1975, one decade into the widespread use of stereo LP in this country, and vinyl was living through in its harvest years. Sales records were constantly being broken as the likes of Mike Oldfield, Pink Floyd and Electric Light Orchestra produced mega-selling albums with lavish packaging, whilst Queen and Wings shifted hitherto unseen amounts of 7″ singles. There was a sense that vinyl had no rival; open reel was for studio use and police surveillance, cassettes were for cars and Radio 3 FM aside, radio wasn’t able to touch vinyl’s soaring sonics…
By the mid nineteen seventies, the turntable breed had already evolved into what we’d recognise it as being today. The first Technics SL-1200 appeared in 1972, offering direct drive in a package far more affordable than the broadcast-standard 1969 model SP-10, which is where the technology first appeared. The race was on for Japanese manufacturers to offer the technology in ever more affordable products. By 1975, only the budget turntables, such as Pioneer’s super little PL-12, were belt driven – quite a contrast to the UK audiophile market which was dominated by belt driven Thorens-type models.
Sony’s 1975 range offered a twist, however. As expected, the mid priced PS-4750 and higher end PS-6750 were direct driven, but sitting right at the very top was the breathtaking PS-8750, sporting direct drive augmented by a ‘X-tal Lock’. This was Sony-speak for what came to be universally known as quartz lock, a clever refinement to the direct-drive system, adding complexity but allowing it to achieve vanishingly low wow and flutter figures, and the associated rock-solid speed stability.
Two separate circuits were used in the servo control system of the turntable; one was the conventional servo and the other, switchable, was the quartz lock. The latter wasn’t affected by voltage and temperature variations during use, making for breathtaking wow and flutter measurements of 0.025% WRMS, when generally it was said that the ear couldn’t detect much beyond 0.1%. The system worked by the use of a ‘tape head’ mounted just inside the rim of the 320mm diecast alloy platter, with the platter’s inside rim sporting a magnetised material. This sent pulses to the magnetic head which fed them into the servo control circuitry in real time, telling it whether the deck was running at all slow or fast. Normally this would be referenced off the mains supply, but the ‘X-tal lock’ system had its own quartz crystal, oscillating at a very precise frequency, which gave a ‘fixed’ reference time independent of the mains.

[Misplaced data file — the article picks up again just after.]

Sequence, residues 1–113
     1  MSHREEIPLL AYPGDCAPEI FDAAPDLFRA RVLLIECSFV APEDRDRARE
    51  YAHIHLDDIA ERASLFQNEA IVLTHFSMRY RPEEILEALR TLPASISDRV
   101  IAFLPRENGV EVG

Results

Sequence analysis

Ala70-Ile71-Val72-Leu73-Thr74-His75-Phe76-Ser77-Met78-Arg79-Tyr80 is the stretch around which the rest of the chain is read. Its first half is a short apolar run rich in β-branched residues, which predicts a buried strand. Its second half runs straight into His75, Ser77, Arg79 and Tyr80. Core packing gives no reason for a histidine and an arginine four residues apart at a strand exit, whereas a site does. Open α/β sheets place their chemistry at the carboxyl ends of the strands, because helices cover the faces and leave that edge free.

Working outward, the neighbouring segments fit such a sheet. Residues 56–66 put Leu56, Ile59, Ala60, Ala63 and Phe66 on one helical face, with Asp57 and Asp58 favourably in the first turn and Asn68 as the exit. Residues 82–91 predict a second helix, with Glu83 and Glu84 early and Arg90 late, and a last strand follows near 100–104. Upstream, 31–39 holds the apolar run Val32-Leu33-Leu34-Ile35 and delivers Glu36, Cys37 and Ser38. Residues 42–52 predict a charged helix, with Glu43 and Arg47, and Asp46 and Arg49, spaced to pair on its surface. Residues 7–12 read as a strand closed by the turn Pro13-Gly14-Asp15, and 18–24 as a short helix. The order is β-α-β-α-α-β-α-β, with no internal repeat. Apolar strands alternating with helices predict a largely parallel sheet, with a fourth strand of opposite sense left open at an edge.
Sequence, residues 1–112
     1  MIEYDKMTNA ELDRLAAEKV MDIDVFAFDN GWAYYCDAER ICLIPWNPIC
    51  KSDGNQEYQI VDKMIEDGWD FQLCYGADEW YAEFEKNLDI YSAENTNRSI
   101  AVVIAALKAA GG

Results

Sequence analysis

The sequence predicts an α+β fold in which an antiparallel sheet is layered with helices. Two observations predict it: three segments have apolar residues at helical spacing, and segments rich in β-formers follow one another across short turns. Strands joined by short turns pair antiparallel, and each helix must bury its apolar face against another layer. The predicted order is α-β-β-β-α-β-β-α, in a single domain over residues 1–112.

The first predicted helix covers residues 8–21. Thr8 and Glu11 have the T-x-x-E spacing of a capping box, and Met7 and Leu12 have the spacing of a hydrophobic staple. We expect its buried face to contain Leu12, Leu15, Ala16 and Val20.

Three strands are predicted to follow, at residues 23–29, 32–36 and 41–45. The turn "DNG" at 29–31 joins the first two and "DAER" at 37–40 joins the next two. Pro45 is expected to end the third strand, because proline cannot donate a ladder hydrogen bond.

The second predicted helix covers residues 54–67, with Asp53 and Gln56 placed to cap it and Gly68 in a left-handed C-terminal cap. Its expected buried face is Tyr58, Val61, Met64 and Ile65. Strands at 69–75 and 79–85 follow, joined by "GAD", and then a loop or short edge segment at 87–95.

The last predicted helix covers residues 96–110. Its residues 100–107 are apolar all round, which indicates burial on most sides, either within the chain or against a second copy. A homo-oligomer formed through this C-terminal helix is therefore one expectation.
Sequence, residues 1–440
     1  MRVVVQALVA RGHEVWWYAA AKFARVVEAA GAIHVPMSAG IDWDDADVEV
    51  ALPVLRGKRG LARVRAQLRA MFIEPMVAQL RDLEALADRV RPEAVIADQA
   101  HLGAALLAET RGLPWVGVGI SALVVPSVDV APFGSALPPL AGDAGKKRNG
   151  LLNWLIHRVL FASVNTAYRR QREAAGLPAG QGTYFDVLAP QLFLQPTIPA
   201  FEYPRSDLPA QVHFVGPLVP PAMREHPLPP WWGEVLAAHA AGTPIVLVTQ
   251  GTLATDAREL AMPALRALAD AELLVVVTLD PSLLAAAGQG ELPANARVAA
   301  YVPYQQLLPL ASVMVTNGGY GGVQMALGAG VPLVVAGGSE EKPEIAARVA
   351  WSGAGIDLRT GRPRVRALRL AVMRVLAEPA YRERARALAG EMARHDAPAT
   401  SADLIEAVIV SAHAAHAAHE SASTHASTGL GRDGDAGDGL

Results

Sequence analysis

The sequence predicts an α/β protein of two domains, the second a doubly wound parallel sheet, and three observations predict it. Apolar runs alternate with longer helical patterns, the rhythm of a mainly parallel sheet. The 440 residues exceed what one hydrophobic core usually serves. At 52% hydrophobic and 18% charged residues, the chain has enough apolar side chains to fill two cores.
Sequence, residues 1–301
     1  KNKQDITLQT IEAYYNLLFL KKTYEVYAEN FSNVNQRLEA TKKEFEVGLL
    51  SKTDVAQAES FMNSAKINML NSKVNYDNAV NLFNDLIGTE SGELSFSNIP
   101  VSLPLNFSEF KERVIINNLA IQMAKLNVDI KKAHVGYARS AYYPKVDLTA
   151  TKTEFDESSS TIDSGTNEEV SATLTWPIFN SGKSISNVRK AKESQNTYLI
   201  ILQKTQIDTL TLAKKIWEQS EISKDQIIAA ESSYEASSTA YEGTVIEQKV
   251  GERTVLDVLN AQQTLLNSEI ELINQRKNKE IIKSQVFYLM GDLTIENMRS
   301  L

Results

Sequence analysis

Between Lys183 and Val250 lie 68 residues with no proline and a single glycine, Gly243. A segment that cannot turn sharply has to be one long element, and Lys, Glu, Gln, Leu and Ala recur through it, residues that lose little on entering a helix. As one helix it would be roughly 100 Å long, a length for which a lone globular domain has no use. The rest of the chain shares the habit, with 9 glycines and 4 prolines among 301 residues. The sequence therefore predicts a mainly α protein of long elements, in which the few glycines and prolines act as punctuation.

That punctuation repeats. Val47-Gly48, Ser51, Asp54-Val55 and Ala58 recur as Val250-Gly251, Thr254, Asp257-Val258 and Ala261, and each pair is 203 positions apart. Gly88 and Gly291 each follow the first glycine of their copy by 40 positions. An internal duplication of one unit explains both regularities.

The system worked brilliantly, and proved both an instant (albeit subtle) improvement in sound and a great showroom sales feature. Ironically, Sony’s implementation of the direct drive system in its high end decks was so good that the ‘X-tal Lock’ was of marginal effectiveness; the cheaper PS-6750 also gave a solid and pitch-accurate sound, but all the same the quartz crystal was the crowning glory to a turntable which – until the arrival of the later (and arguably inferior sounding) Biotracers, was the Sony Corporation’s biggest, most expensive and best hi-fi turntable ever.
The deck shows how the Japanese could manufacture a domestic hi-fi product like a military-grade precision instrument. The torquey direct drive motor spun the platter up to speed within half a revolution, with a built-in brake circuit to stop the turntable quickly when the stop or reject buttons were activated. The 237mm statically balanced tonearm’s jewelled trunnion mount and carbon fibre arm and headshell gave it the feel of Japan’s finest cameras, when hand cueing; the lift-lower mechanism even had its own silent motor! There was a photo-electric activated end of side auto stop, to save the (surely very expensive) stylus on your phono cartridge, should you be unable to wrest it from its run out groove.
Such finery didn’t just stop with the drive system and tonearm; the deck is beautifully built from a mix of materials; polished aluminium surrounds a frame made from Sony’s ‘SBMC’ material. Even the dustcover was a thing of beauty; heavily smoked acrylic complete with an ‘anti-static’ metal grid inset – somewhat reminiscent of a heated rear window in a car! It’s a largish beast too, at 458x184x395mm and heavy at 14.2kg. All of which made for an impossibly expensive turntable, which levels of precision and finish to put almost every British deck to shame.
Sonically, the Sony is clean and open, with little in the way of coloration right across the frequency band. It has the feel of a delicate, finessed performer, with an unerringly strong and grippy bass, a lovely silky high treble, and a neutral, open and expansive midband. Indeed, it’s surely one of the best sounding integrated turntables made, giving up only to even more expensive and advanced machines that followed in its wake several years later, such as Kenwood’s Lo-7D. The PS-8750 is a rare turntable, one that is unlikely to turn up in your local free-ads paper for £15. But despite its vast price when new, they do surface every now and again for less than the cost of a big Technics.